MTF: Tips on travel to Nakhon Phanom

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CHIANG RAI, 17 May 2018: Nakhon Phanom, a town on the banks of the Mekong River facing Laos in Northeast Thailand, hosts the Mekong Tourism Forum, 26 to 29 June.

Underwritten financially by Thailand’s Ministry of Tourism and Sports and supported by Nakhon Phanom’s provincial office, the event is free to travel executives, academics, non-government organisations and tourism policy makers.

The forum meetings will convene at the Nakhon Phanom University, a 10.2 km car transfer south on highway 212  from the River Hotel in the centre of town.

Organised by the Mekong Tourism Coordinating Office the forum acts a platform for member countries – Cambodia, China, Laos, Myanmar, Thailand and Vietnam –  to present their tourism strategies and interact with private sector leaders.

Definitely worth attending if you want to see tourism take a new tack and adopt sustainable tourism for the benefit of a region sometimes called the “last frontier.”

Getting there might be a challenge as there are only two domestic airlines serving the route Bangkok-Nakhon Phanom (LOP) and both operate out of Bangkok’s Don Mueang Airport.

For delegate arriving on international flights at Bangkok’s Suvarnabhumi airport they will need to make the 50 km transfer to Don Mueang airport (DMK).

Thai AirAsia offer the cheapest fares for 26 to 29 June week with a no-frills, roundtrip fare of THB1461, followed closely by Nok Air at THB 1,640.

Thai AirAsia’s flight departs Don Mueang airport at 0840 and Nok Air at 1020.

Two hotels, The River and Blu, are blocked booked for 26 to 29 June for delegates, which explains why they are not posting rates on popular booking for sites for the conference. They normally sell a double room at THB 900 and THB 990.

The best place to stay to enjoy the charm of Nakhon Phanom is on the riverside boulevard right on the banks of the Mekong River.

There are still rooms available at the Fortune River View at THB 1,364 a night. The hotel gets a score of 3.5 from TripAdvisor’s 113 reviews.

Riveria Hotel sells at THB 1,878 and is rated 3.5 by 42 reviews with some pointing out that it pricy for what you get. That Phanom River View at THB 1,050 has a 4 rating from 44 reviews.

You are paying for the view at any of the hotels on the 3 km long riverside boulevard. Nothing to write home about as far as three-star accommodation and breakfast goes but all hotels have fast and free Wi-Fi.  The river view is pretty spectacular along the boulevard and in the evening the 2 to 3 km stroll to the open-air food stalls, past illuminated temples, is the highlight of the visit.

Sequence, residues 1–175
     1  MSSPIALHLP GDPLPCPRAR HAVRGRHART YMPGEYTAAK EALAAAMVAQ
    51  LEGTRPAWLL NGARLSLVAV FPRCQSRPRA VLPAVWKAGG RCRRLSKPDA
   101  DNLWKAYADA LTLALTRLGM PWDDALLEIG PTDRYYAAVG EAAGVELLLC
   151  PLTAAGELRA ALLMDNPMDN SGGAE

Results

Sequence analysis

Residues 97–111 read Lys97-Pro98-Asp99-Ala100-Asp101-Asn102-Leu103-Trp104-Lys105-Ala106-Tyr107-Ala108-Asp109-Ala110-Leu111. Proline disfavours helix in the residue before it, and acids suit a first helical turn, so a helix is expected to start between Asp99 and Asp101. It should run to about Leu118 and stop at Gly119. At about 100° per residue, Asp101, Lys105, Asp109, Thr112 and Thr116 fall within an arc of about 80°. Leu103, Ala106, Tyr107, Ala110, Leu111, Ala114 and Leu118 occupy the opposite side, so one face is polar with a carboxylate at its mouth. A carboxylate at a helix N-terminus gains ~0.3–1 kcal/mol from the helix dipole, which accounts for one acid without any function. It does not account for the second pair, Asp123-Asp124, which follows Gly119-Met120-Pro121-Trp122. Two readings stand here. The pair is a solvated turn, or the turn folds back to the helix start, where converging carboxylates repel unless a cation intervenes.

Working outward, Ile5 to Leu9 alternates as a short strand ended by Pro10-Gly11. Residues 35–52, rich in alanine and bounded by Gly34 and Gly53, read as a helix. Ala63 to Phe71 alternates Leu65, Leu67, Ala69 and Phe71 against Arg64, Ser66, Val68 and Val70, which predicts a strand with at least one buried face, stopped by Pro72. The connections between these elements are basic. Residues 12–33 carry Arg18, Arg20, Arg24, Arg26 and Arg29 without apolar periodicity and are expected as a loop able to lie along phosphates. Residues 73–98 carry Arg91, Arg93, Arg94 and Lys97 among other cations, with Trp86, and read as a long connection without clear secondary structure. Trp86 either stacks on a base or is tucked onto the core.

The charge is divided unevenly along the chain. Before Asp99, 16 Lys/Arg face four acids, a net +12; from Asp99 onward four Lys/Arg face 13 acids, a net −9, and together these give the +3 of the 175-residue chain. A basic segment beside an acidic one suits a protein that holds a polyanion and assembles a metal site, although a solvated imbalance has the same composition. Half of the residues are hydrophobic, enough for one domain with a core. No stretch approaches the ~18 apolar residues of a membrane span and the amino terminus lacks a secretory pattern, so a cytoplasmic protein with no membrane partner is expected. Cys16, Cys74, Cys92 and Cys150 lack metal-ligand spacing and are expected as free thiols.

There are three top attractions not to be missed out of 16 listed by TripAdvisor. The list can change as more reviews or posted.

Wat Maha That
Landmark 75 reviews

This is a pagoda for persons born on Saturday. There is a tour of seven temples all close to the river, one for every day of the week. So no one misses out on their birthday temple in this town.

Probably the best time to visit Wat Maha That, if you intend to worship, is at sunrise when the cloisters and courtyards are serenely quiet.

At night the temple is illuminated by hundreds of lights and its vantage point on the boulevard makes it a landmark for an evening stroll.

Paya Sri Saita Nakarat
Monument 35 reviews

Great statue, beautiful landscape views of neighbouring Laos with its mountain ranges and an awesome Mekong river flowing by. There are clusters of restaurants and food stalls around the monument. This is the spot for a Mekong river view selfie, or the place to snack on genuine Isan and Thai food (not the Michelin nonsense)

Thai Vietnamese Friendship Village
Neighbourhood 39 reviews

This village is always the highlight of a visit to Nakhon Phanom for modern history buffs.

It was home for ‘Uncle Ho’ who lived in the village from 1925 to 1930 when he took refuge from British authorities intent on interning him for his Communist beliefs. The two-bedroom house where Ho Chi Minh lived is now a museum and the writing desk and chair are authentic along with household items including an ancient radio.

The house draws hundreds of Vietnamese tourists who pay tribute to the father of the nation.  The humble dwelling honours those who fought the French colonials and US military to ultimately unite Vietnam.

Entrance is free, but there are donation boxes. There is no evidence of official support for this small museum, unlike the other one nearby built with the lavish support of the Vietnamese government.

Na Jok village, where the museum resides, has a community of 150 Vietnamese-origin families who have lived here since the reign of King Rama III (1825-1851).